The shape of the Queensland wholesale electricity market is changing shape rapidly as the share of renewable energy grows, particularly the amount of solar.
As we have noted in recent articles, Queensland has been experiencing negative prices in the day-time hours on almost a daily basis in the last month or two, and David leitch noted that one middle of the day pricing interval averaged minus $4/MWh through the month of August – which, we should remind ourselves, is winter.
Even the Australian Energy Market Commission has noted the “glimpses of a new market dynamic” in the Queensland market, writing a short blog post noted the slew of negative pricing events.
(See also our latest story: Solar farms switch off en masse as coal plants flex their muscle in Queensland.)
These negative prices are not a bad thing in themselves, but they will encourage changed behaviour. When there was only coal, electric hot water systems were switched on only at night time to minimise those negative prices, and as the regulator recently noted, negative prices also happen when coal fired power stations decided to lift capacity, and would rather pay others to take their output than switch off.
Negative prices also offer an opportunity for storage installations – both pumped hydro and grid-scale batteries – to charge up cheaply (or get paid to do so), and then sell their stored output at a time of greater demand and higher prices.
Queensland does not have any grid-scale batteries yet in operation, but it does have the hitherto little used Wivenhoe pumped hydro storage facility, located not far from Brisbane and with a nominal capacity of 500MW.
Wivenhoe has been very busy in the winter months taking advantage of the low and sometimes negative prices in the middle of the day. And here is a remarkable graph – its charging and discharging in August when, apparently for the first time, it pumped only during the day and not once at night.
This graph above – from Dylan McConnell at the Climate and Energy College – show Wivenhoe – soon to be operated by the nearly formed “CleanCo” generator, and to run in competition (one hopes), with the two other state-owned but largely fossil fuel-based Stanwell and CS Energy) getting very busy in the middle of the day.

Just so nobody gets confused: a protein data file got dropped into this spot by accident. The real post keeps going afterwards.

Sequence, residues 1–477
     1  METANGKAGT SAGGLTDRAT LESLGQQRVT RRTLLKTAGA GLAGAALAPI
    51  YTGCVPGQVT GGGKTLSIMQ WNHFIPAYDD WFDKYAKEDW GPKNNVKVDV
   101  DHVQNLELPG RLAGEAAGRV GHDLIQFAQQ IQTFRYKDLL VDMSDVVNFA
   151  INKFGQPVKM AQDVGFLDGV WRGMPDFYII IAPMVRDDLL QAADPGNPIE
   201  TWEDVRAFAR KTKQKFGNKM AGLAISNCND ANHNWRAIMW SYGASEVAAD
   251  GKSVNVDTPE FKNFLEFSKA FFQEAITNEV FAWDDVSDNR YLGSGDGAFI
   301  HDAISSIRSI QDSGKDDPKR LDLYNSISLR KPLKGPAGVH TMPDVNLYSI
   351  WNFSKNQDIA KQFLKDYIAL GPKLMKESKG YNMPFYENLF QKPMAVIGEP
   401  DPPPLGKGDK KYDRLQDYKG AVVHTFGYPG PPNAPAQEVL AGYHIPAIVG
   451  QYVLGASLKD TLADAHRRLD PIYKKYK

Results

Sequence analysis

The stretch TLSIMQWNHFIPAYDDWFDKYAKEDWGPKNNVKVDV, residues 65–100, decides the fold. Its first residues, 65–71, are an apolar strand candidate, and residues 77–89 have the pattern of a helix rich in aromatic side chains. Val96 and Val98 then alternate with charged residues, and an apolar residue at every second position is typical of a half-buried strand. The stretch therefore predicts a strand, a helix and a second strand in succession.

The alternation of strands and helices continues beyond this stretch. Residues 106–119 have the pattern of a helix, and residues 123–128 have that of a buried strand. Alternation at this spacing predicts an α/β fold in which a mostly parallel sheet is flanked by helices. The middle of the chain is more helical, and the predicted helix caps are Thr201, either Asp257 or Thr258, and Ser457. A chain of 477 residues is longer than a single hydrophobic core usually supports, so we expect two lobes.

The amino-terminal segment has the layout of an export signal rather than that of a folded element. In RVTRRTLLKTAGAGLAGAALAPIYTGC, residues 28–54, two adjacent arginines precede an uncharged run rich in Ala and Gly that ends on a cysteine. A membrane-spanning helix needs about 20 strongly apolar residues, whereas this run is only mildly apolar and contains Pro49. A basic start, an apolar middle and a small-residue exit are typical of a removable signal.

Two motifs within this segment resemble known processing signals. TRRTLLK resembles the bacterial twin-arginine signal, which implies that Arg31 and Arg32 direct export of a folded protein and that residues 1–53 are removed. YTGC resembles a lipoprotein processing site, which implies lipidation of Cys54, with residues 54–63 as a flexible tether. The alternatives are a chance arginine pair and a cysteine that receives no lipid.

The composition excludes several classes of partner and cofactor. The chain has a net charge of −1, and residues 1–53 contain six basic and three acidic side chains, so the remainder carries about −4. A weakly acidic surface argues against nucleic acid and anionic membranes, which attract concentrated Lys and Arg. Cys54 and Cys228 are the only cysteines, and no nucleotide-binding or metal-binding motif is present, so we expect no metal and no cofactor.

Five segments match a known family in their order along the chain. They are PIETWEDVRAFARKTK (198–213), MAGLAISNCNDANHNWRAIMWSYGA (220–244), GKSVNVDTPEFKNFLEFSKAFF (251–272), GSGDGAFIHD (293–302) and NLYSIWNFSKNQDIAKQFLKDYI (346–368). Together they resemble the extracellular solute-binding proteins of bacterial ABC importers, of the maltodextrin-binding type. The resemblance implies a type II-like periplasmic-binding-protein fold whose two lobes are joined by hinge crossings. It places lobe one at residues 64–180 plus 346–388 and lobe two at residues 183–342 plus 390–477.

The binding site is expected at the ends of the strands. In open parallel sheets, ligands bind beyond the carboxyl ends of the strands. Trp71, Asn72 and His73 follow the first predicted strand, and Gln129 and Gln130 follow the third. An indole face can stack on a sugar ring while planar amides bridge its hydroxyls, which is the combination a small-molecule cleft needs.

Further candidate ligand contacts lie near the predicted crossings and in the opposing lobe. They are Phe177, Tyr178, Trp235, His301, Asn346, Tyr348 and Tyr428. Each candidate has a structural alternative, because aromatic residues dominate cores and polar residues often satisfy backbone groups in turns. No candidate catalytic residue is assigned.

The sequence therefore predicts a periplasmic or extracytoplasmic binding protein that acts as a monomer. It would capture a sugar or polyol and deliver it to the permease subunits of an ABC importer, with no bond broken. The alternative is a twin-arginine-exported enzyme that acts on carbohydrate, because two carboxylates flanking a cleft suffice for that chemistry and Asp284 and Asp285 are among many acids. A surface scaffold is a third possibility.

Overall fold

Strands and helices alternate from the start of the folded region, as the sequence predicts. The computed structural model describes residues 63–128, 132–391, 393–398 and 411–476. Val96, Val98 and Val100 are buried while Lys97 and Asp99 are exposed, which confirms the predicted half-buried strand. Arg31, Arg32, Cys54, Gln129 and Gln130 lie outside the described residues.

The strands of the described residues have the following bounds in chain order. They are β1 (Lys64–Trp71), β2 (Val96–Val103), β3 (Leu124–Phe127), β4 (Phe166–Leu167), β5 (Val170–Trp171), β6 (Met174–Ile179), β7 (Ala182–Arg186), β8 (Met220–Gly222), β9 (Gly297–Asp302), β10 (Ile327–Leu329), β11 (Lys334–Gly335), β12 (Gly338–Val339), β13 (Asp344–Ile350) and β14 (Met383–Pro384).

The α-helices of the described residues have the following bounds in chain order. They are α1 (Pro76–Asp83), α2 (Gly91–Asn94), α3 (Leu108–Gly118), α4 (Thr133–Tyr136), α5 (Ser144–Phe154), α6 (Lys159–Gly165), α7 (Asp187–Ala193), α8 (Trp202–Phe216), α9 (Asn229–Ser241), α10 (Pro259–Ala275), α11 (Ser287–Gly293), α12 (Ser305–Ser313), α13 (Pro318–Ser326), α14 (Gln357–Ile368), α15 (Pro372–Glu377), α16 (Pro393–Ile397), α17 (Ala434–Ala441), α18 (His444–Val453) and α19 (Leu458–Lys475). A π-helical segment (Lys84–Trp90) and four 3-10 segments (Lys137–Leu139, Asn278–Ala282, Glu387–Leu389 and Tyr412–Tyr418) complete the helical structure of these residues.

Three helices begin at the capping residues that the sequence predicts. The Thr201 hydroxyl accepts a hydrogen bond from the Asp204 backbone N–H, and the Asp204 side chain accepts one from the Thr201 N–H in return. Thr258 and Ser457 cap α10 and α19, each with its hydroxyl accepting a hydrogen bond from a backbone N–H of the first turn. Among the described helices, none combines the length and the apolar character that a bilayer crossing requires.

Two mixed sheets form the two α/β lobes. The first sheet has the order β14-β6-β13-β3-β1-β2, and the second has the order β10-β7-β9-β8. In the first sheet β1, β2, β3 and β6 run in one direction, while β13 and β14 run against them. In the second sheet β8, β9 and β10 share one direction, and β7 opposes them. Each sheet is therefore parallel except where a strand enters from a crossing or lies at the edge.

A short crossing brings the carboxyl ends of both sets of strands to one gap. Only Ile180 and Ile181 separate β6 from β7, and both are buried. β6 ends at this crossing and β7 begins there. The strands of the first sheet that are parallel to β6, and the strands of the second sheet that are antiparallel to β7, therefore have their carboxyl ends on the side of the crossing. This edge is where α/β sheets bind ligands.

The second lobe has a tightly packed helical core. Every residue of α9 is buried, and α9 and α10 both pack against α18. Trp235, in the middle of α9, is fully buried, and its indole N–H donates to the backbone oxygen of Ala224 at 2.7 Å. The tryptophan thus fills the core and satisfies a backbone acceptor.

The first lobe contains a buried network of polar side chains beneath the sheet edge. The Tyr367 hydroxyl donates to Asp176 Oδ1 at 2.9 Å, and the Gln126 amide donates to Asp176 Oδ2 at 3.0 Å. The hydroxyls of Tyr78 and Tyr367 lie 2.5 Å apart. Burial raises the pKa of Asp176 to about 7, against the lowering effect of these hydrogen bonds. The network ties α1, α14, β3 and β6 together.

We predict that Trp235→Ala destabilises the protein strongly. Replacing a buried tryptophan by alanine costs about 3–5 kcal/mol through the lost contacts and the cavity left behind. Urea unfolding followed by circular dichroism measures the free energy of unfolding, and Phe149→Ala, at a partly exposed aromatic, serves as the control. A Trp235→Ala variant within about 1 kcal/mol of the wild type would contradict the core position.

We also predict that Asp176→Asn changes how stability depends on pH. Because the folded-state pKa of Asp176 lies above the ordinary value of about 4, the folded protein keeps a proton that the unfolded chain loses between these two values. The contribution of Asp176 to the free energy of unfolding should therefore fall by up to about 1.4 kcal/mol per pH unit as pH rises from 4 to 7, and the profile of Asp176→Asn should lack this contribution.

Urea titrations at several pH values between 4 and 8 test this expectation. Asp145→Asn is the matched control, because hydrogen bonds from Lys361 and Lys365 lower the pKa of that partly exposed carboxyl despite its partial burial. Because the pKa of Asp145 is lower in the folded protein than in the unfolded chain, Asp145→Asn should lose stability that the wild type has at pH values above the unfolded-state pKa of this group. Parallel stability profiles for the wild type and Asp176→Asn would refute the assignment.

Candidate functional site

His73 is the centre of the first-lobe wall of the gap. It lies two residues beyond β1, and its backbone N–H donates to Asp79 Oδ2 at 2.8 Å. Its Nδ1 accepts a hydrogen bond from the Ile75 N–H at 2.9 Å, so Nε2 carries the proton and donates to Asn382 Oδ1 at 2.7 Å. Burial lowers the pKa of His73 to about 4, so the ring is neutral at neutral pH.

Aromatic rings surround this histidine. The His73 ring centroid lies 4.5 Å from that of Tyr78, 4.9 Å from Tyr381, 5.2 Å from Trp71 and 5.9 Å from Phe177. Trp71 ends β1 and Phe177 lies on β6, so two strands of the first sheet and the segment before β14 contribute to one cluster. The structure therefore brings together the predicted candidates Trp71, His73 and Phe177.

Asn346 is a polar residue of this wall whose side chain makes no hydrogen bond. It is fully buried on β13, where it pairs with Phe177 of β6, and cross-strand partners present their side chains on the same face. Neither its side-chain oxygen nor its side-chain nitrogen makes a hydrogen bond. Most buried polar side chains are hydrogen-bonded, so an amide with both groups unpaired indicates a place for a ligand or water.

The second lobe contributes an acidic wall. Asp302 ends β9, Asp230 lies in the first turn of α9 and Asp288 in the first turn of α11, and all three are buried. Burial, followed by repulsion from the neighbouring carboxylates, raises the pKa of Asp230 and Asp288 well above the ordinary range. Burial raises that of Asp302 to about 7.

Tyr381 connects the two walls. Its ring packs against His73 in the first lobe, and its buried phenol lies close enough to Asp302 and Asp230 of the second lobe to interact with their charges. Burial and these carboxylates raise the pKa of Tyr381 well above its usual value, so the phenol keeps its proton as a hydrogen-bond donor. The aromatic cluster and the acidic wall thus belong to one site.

It pumped only the excess solar, and generated only in the early morning peak, before the effect of solar took hold, and in the evening peak, as the sun set and solar output faded. Remember, these are averages over the month, not just one particular day.
According to McConnell, the weighted market value for pumping/charging was about $18.39/MWh and the weighted market value generation/discharging was around$116.02/MWh. But that doesn’t necessarily translate into pure profit, because the round trip efficiency of the pumped hydro facility is not necessarily that great, probably little more than 60 per cent.
Meanwhile, LNP MPs Keith Pitt and others who have been advocating that Queensland would be better off cut off from the grid got a taste of what that might look today when an outage on the NSW side of the border effectively limited exports from the sunshine state to its southern neighbours.
And because the sunshine state was, well, sunny on Wednesday, and solar was producing at huge levels, the fact that the state could not export, and because the main coal generators did not want to ramp down or switch off, prices spent most of the day in negative territory – including near the market floor of minus $1,000/MWh.
In the end, many solar farms actually switched off at various points of the day, because coal generation actually increased when prices were near the price floor.
We go into that in more detail in another article today. See our story: Solar farms switch off en masse as coal plants flex their muscle in Queensland.
Now, that might be fun to look at – but it’s hard to see how that would be sustainable for Queensland, unless the LNP decided they should close down all the wind and solar farms in the state so the coalers can burn fossil fuels and be paid accordingly. But let’s not give them any ideas.